Ligos: Windows based PTV. http://www.ligos.com/news/pr_timeshift.html [ligos.com]

    PowerVCR: Windows based VCR. http://www.cyberlink.com.tw/english/products/power vcr2/powervcr2.asp [cyberlink.com.tw]

    WinVCR: Windows based VCR. http://www.cinax.com/Products/winvcr.html [cinax.com]

    SnapStream: Windows based PTV (freeware and commercial version). http://www.snapstream.com [snapstream.com]

    ShowShifter: Windows based PTV (freeware). http://www.showshifter.com [showshifter.com]

  • by WebCowboy (196209) on Wednesday January 31, 2001 @06:17PM (#466136)
    For a set-top sized box, I would use the NLX form factor. This is an industry standard by the same people responsible for ATX, but it's better. All desktops should be NLX because ATX REALLY SUCKS for anything but towers. The only (very unfortunate) drawback is that NLX seems to be harder to find despite being superior to micro/mini ATX for compact systems.

    NLS motherboards are about 20 by 25-30 cm (8 by 10 or 11 inches). They have no slots and an edge connector on one side that plugs into the slot of an acocmpanying riser card. PCI cards plug in horizontally--parallel to the motherboard.

    Many NLX cases (and industrial racks) allow the motherboard to be removed by loosening 2 thumbscrews. To add DIMMs, you can pull out the motherboard out COMPLETELY without removing ANY cards or cables--sometimes without even opening the case! Yeong-Yang makes a pretty little VCR-sized NLX case [yeongyang.com]. NLX desktop cases are compact, quiet and easy to maintain (No, I don't sell them. I just think they are neat.)

    As for the NLX motherboards, they usually come with matching riser cards. Asus, Gigabyte or Intel should have them, although they are not as common as ATX and may cost a bit more. The rest is just normal commodity hardware (TV tuner/capture, DVD player, huge hard drive etc.).

    I have been thinking of building such a system for a year or two now. Maybe someone else will try now...
  • by heroine (1220) on Wednesday January 31, 2001 @06:26PM (#466137) Homepage
    Eventually there will be no computer monitor or keyboard. You'll hook your computer to a TV set, like the old days, except now there will be no window interface, command line, or multitasking.

    It'll be pure menus, pointing and clicking for everything using a remote control. If you want a box with keyboard and monitor you'll have to go to Cray or something and pay through the nose.

    It looks like when he says "TV out card" he's referrering to the RCA output on most VGA cards. There are lots of "TV out cards" but they use JPEG compression.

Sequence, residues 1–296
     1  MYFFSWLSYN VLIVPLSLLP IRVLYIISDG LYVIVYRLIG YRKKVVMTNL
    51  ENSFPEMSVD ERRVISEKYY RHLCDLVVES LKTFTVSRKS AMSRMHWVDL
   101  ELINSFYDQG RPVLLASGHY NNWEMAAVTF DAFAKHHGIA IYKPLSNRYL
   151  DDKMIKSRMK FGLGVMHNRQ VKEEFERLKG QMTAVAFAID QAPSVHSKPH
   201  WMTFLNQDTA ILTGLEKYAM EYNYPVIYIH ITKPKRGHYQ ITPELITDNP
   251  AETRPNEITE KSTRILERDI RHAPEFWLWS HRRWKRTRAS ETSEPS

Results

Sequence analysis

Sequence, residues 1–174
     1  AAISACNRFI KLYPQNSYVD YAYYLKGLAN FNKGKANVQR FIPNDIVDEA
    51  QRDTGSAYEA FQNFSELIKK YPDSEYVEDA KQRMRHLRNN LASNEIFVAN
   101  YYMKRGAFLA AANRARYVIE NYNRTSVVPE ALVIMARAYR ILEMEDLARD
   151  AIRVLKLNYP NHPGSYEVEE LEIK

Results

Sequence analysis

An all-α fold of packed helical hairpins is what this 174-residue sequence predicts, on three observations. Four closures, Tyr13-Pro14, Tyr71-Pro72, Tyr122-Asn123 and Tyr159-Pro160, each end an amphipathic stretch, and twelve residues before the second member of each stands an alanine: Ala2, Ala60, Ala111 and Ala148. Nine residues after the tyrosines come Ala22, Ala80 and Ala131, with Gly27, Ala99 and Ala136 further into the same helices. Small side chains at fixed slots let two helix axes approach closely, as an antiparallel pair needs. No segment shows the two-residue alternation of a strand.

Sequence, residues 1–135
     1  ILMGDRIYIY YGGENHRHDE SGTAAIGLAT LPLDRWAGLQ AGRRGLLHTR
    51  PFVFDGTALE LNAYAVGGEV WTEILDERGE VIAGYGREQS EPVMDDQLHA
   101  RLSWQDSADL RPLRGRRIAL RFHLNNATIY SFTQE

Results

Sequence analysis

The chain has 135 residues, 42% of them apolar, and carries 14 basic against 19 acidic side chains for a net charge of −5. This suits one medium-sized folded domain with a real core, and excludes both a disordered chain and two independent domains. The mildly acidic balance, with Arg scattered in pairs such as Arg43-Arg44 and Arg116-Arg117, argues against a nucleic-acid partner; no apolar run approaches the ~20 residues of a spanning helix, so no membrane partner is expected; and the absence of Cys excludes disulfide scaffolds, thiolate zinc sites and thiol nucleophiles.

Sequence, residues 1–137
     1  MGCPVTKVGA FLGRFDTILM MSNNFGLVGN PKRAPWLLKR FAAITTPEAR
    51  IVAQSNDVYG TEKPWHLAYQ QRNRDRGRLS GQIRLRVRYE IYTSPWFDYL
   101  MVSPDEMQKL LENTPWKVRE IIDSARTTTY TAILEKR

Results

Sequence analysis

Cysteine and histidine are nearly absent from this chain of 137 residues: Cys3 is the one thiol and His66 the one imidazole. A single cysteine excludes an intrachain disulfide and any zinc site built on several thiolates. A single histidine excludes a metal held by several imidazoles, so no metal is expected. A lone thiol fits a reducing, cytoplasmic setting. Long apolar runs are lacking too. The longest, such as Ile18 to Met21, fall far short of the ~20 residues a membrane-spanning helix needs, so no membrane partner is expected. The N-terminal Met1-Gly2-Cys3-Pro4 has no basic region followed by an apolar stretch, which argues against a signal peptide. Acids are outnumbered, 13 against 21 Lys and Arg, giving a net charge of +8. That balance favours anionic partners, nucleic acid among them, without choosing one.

The problem with watching movies this way is you have to go from 24fps progressive to genlocked 29.97fps interlaced. Simply using a Microsoft media player on a TV would cause studdering because it wouldn't match the 29.97 interlacing exactly.
  • If people start to learn to build their own hardware, they are forced to learn other things, like how the electronic signals work. Things like HDTV will no longer be closed to public eyes, as more and more people would learn how to build hardware designed to reverse engineer the HDTV security. If this gets to be widespread enough, things like DirecTV's electronic warfare act would be more of a hit to them than to the hackers, as it would take out a high percentage of their customer base. Of course, this would most likely never happen because joe blow doesnt know the difference between a resistor and a refrigerator magnet, but it's nice to imagine =)
  • You don't know her well enough to know for sure how she would feel about you if she got to know you better or how you would feel about her if you got to know her better.
    You might wind up finding that you aren't really all that attracted to her while she finds that she's fallen in love with you.
    You might both wind up as good friends but not romantically interested in each other. There are plethora of possibilities.
    Go ahead and get to know her (without rushing it and appearing too eager, be sincere but play it a little cool), expand your world a little, she might introduce you to someone or something (poetry, rock climbing, jazz, knitting, who knows what) that you wouldn't have experienced otherwise.
    Unrequited love isn't fatal. It just feels that way for a while. Learning that the hard way is part of growing up. Might as well jump in the deep end and get it over with.
  • I agree with you on one point, but disagree with you on another.

    I think it is important that set top boxes made with contemporary off-the-shelf technology become popular. That way, artificially restricted technology will not become the de-facto standard. For example, MP3 has no inherent content-control capability and produces acceptable sound quality. It has become extremely popular and attempts by SDMI to squish it out of existence will be met with consumer resistance. With DATs, mini-discs and DVDs parasitic recording and movie distribution companies got their grubby hands on the technology before "unprotected" formats gained popularity. These technologies are now marginalised or convoluted with content-control schemes like CSS. Content-control is not a feature--it is a pain in the ass and will always be met with resistence if it is introduced into an already large market.